Part 36 – We Tell Ourselves We Can Live Forever
Harvey woke up screaming. His segmented length thrashed against the confines of his cabin. The awful dream slowly faded as his feet pedalled across the ceiling. He had imagined that his legs fell off one by one until he had just four left with a floppy, elongated body dangling between them. It was his usual dream, the one that came frequently in times of stress and adventure. Intellectually, Harvey knew it was just his mind attempting to resolve his memories of being a man with the daily experience of being a centipede. That didn’t lessen the shock and fright as each limb dropped away. He flexed his dozens of legs, still working to remove their stiffness from his days on top of the balloon. Harvey’s flexing claws took chunks out of the woodwork and a comforting rain of sawdust fell on his shell.
He slipped fluidly out his cabin and undulated up the stairs onto the deck of The Dove’s Eye. It was warm and bright; they had enough altitude to take the edge off the sun’s brutal heat. Through his shell Harvey could feel the stuttering thrum of the airship’s engines, struggling against the damage they recently sustained. All things considered, they had made excellent progress.
“I owe you a great debt of gratitude sir,” their captain announced as he left the cockpit, “but for you our bodies would surely be drying in the dread sands.”
“Thank you Lord Corshorn. It is not often one such as I finds a useful role on board an airship.”
Lord Corshorn took a heavy swig from his enamelled mug and gestured forward with it. “We will shortly reach our destination.”
Harvey waved his antennae but could perceive little beyond the railing of the ship. His sensitivity was to sound, and touch and movement. The picturesque details of their journey were distant echoes and shades of grey. “Would you describe it to me captain?”
“Of course,” Lord Corshorn stepped up to the rail, and rested his mug upon it. With a little fuss, he lit a cigar and leaned over the rail.
“The sun blazes still, the sky aft is a clear and cloudless turquoise which meets the vast orange expanse of the Great Bane Desert at some vanished distance behind us. We are but a handful of leagues from the Razored Ridge. Even now it stabs upward from the desert, violent spurs of purple rock which pierce the white clouds above and shred them into failing tatters. Those vicious slices of rock are dappled in their lower slopes by lush greens and blues. Here and there specks of light glint in the forests and valleys. Perhaps those are the Crystal Finches you seek.”
“Thank you captain. I had not thought you a poetic man.”
“Nor I,” he laughed, “my wife is insistent that we attend the theatre and is tireless patron to an unknowable bevy of poets, artists and writers. They are a tedious rabble, but I cannot deny that their prose can affect one.”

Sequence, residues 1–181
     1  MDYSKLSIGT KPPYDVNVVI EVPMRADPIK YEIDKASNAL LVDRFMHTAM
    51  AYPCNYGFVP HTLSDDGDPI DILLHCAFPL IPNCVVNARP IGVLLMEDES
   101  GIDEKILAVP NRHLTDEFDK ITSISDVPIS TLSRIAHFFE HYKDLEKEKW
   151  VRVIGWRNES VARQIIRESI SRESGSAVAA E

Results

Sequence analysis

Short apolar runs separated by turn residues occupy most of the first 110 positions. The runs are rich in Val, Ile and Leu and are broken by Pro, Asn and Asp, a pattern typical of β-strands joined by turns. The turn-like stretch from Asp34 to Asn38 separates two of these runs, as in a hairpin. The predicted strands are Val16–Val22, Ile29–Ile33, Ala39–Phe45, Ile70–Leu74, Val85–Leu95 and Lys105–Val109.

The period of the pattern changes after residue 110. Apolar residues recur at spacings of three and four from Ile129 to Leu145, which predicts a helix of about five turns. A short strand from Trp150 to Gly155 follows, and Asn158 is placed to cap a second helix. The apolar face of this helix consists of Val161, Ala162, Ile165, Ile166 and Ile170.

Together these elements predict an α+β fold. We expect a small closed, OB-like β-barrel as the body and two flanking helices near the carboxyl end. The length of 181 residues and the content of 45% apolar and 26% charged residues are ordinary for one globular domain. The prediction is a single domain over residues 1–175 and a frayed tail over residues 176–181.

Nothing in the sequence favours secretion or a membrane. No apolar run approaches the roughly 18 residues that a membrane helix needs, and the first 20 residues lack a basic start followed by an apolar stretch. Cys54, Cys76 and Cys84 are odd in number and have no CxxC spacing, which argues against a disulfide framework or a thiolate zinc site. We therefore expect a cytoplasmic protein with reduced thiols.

“I can remember those colours, but I no longer see the world in them. It is strange.”
“Indeed, strange hardly covers the world we find ourselves in.”
“I suppose that being up in the air, where I can feel nothing but the air ship itself ought to feel empty and frightening. Yet I find in it peace and a calm I’ve rarely known since I first came to myself in this new shape.”
“Are you certain the cause of your disquiet is your form rather than your travelling companions?” remarked Lord Corshorn, eyebrow quirked with humour, “Traverstorm is hardly a guarantor of gentle diversion. I love the boy as I do my second favourite brother’s son, but by the bead, he’s a magnet for calamity.”
Harvey let out his equivalent of a sigh: a susurration of segments shuffling into line. “I cannot lay blame at Rosenhatch’s feet, I have many more of my own by which to place responsibility. I was the one who first encouraged him, with his fantastical tales of the darkness within the behaviour of the Host Lizards. It’s an affair which deserves some closer inspection one day. It was my expedition to the Undergrowl jungles that he accompanied me on. I’d say that we both draw adventure upon the world; that, or it finds a mischief in ourselves.”
“With luck this adventure of yours is nearing its end, or does that promise too much ill fortune for you, Czornwelss?”
“I’d not wish to invoke disaster beyond Rosenhatch’s natural aptitude. Yet, I do hope we’ll shortly snare a Crystal Finch. I’m anxious to test my little devices, especially considering they’ve survived our journey so far.”
“Mmm. My wife will be keen to see the fruits of your labours. Have you any thoughts as to the disposition of young Bublesnatch? I fear for the boy, he’s been a fine cabin lad and it’s more than just my duty to return him to his parents.”
Harvey had given a great deal of thought to the poor boy’s plight. His brief examination of the beasts which had burst from his eye socket suggested that they were merely the larval form of something nastier. However, they had not seemed unduly glutted with Jacob’s ocular jelly. It was possible that they incubated within his eyeball without consuming the matter of his eye. If that was so, then there was perhaps a chance of removing them before they hatched.
“Captain, I fear our chances of success are slender. I do have a thought. We may not save his sight, but it will surely be lost if those grubs reach maturity.”
Lord Corshorn tossed the remainder of his drink overboard. “If you still have hope, then so do I. Time is of the essence. Tell me what you need and we’ll have it.”
“A sharp knife, a steady hand and a strong stomach are all that I require.”
Coming Soon: Part 37 – Ask Not, Get Not